Partisan (military)

Partisan (military)

A partisan is a member of an irregular military force formed to oppose control of an area by a foreign power or by an army of occupation. The term can apply to the field element of resistance movements that opposed German rule in several countries during World War II, or those who after the war fought the Soviet Union's Communist rule in Eastern Europe.

The term "partisan" was used in the 17th century to describe the leader of a war party. In 12th century Europe, war parties, or detachments, were frequently used on raids to gather or destroy supplies. Techniques of partisan warfare were described in detail in Johann von Ewald's "Abhandlung über den kleinen Krieg" (1789) [Ewald J. (ed. & trans. Selig, R. and Skaggs, D) "Treatise on Partisan Warfare" Greenwood Press (1991) ISBN 0313273502] .

The initial concept of partisan warfare was the use of troops raised from the local population in a war zone, or in some cases regular forces, that would operate behind enemy lines to disrupt communications, seize posts or villages as forward operating bases, ambush convoys, impose war taxes or contributions, raid logistical stockpiles, and compel enemy forces to disperse and protect their base of operations. It was this concept of partisan warfare that would later form the basis of the "partisan rangers" of the American Civil War. In that conflict, Confederate partisan leaders, such as John S. Mosby, operated along the lines described by Von Ewald (and later by both Jomini and Clausewitz). In essence, 19th century American partisans were closer to Commando or Ranger forces raised during World War II than the "partisan" forces operating in occupied Europe. Such fighters would have been legally considered uniformed members of their country's armed forces.

Partisans in the mid-19th century were substantially different from raiding cavalry, or from unorganized/semi-organized guerrilla forces. The Russian partisans played a crucial part in the downfall of Napoleon. Their fierce resistance and persistent inroads helped compel the French emperor to flee Russia in 1812.

It was during World War II that the current definition of "partisan" became the dominant one—focusing on irregular forces in opposition to an attacking or occupying power. Soviet partisans, especially those active in Belarus, were able to effectively harass German troops and significantly hamper their operations in the region. As a result, Soviet authority was re-established deep inside the German held territories. There were even partisan kolkhozes that were raising crops and livestock to produce food for the partisans. The communist Yugoslav partisans were a leading force in the liberation of their country during the People's Liberation War of Yugoslavia.

ee also

* Armenian irregular units
* Armia Krajowa
* Armia Ludowa {(Polish) People's Army}
* Bataliony Chłopskie(Peasants' Battalions)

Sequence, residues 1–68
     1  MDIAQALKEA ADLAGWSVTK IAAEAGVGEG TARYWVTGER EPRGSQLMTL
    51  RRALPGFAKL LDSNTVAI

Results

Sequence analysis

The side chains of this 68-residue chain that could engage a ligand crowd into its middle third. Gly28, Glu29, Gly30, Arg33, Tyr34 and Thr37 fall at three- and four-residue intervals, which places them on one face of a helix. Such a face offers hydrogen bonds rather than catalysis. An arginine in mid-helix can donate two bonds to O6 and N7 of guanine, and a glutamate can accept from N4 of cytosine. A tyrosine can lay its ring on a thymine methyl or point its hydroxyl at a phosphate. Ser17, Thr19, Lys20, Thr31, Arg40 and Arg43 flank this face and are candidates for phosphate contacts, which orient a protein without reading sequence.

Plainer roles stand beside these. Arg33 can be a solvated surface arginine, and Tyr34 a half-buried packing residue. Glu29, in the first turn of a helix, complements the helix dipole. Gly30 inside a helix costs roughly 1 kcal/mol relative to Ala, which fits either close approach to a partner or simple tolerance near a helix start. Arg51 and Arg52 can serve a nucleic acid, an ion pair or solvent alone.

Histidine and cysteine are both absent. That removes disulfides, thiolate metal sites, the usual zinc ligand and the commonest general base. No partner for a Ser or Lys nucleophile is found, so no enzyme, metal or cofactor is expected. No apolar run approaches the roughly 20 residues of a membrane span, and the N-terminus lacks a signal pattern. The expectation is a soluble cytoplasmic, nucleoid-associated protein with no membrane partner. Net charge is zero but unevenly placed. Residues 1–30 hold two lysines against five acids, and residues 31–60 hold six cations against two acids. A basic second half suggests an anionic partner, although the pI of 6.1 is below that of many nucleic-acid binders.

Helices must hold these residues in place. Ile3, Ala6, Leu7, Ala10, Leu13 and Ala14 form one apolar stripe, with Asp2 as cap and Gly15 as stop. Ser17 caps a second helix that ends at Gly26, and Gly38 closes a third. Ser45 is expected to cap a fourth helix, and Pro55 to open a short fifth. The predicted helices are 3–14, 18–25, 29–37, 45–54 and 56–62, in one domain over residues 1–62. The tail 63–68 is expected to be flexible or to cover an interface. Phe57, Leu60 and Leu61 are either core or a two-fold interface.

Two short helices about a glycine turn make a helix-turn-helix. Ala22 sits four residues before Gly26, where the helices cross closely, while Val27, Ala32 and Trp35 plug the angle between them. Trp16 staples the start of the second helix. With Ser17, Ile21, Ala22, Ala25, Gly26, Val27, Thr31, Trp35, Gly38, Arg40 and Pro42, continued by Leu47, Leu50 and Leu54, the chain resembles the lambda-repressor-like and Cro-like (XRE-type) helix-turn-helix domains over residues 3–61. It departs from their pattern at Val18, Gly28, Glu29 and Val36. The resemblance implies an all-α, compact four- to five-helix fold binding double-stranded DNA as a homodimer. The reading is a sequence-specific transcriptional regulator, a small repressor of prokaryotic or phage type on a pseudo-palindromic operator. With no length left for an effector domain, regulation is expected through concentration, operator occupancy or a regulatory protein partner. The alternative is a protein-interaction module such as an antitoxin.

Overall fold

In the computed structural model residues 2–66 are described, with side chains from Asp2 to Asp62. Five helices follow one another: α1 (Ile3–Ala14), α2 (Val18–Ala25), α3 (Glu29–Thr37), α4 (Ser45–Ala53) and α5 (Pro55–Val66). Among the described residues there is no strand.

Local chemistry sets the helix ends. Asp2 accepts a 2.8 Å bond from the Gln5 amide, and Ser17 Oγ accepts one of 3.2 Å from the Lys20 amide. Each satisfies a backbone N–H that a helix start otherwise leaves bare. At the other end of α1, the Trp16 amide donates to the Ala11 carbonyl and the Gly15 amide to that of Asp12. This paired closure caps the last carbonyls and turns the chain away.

* Asymmetric warfare
* Yugoslav Partisans
* Fifth column
* Forest Brothers
* Greek Resistance
* Guerilla warfare
* Irregular military
* Italian resistance movement
* Jewish partisans
* Jewish Combat Organization
* Kuperjanov Battalion
* Albanian Partisans
* Partisan Ranger Act - (American Civil War - Confederates)
* Polish resistance movement in World War II
* Resistance movement
* Slovak National Uprising
* Ukrainian Insurgent Army
* Unconventional warfare
* Werwolf


Wikimedia Foundation. 2010.

Look at other dictionaries:

  • Partisan — may refer to:Political mattersIn politics, partisan literally means organized into political parties. The expression Partisan politics usually refers to fervent, sometimes militant support of a party, cause, faction, person, or idea. Although… …   Wikipedia

  • Military history of Belarus during World War II — Military history of Belarus during World War II. Contents 1 September 1939 – June 1941 2 June 1941 – September 1941 3 Occupation and Collaboration 1941 – June 1944 …   Wikipedia

  • Military awards of World War II — were presented by most of the combatants. The following is from the article World War II, removed from that article for clarity, and represents an incomplete list of some of the awards. Contents 1 Allied Powers 1.1 Soviet Union 1.2 United States …   Wikipedia

  • partisan — partisan1 [pärt′ə zən, pärt′əsən] n. [MFr < It partigiano < parte < L pars,PART1] 1. a person who takes the part of or strongly supports one side, party, or person; often, specif., an unreasoning, emotional adherent 2. any of a group of… …   English World dictionary

  • Military Units to Aid Production — or UMAP’s (Unidades Militares para la Ayuda de Producción) were allegedly established by the Cuban government in 1965 as a way to eliminate bourgeois and counter revolutionary values in the Cuban population,[1] in particular, among those who… …   Wikipedia

  • partisan warfare — Not to be used. See guerrilla warfare …   Military dictionary

  • Partisan Warfare, Soviet —    In the 1930s, the Soviet Union made preparations to conduct partisan warfare, but Joseph Stalin, who had promised the Soviet people that war would be fought on the enemy’s territory, cancelled plans in 1937–1938 and had a number of experts… …   Historical dictionary of Russian and Soviet Intelligence

  • MILITARY SERVICE — Jews served in the national armies of most countries in which they settled. However, in many states they were denied the right to bear arms before the 20th century since they were considered to be second class citizens, not fit to fight for their …   Encyclopedia of Judaism

  • Military history of the Soviet Union — Joseph Stalin and Kliment Voroshilov depicted saluting a military parade in Red Square above the message Long Live the Worker Peasant Red Army a Dependable Sentinel of the Soviet Borders! The military history of the Soviet Union began in the days …   Wikipedia

  • Military history of Slovakia — History of Slovakia This article is part of a series Roman era …   Wikipedia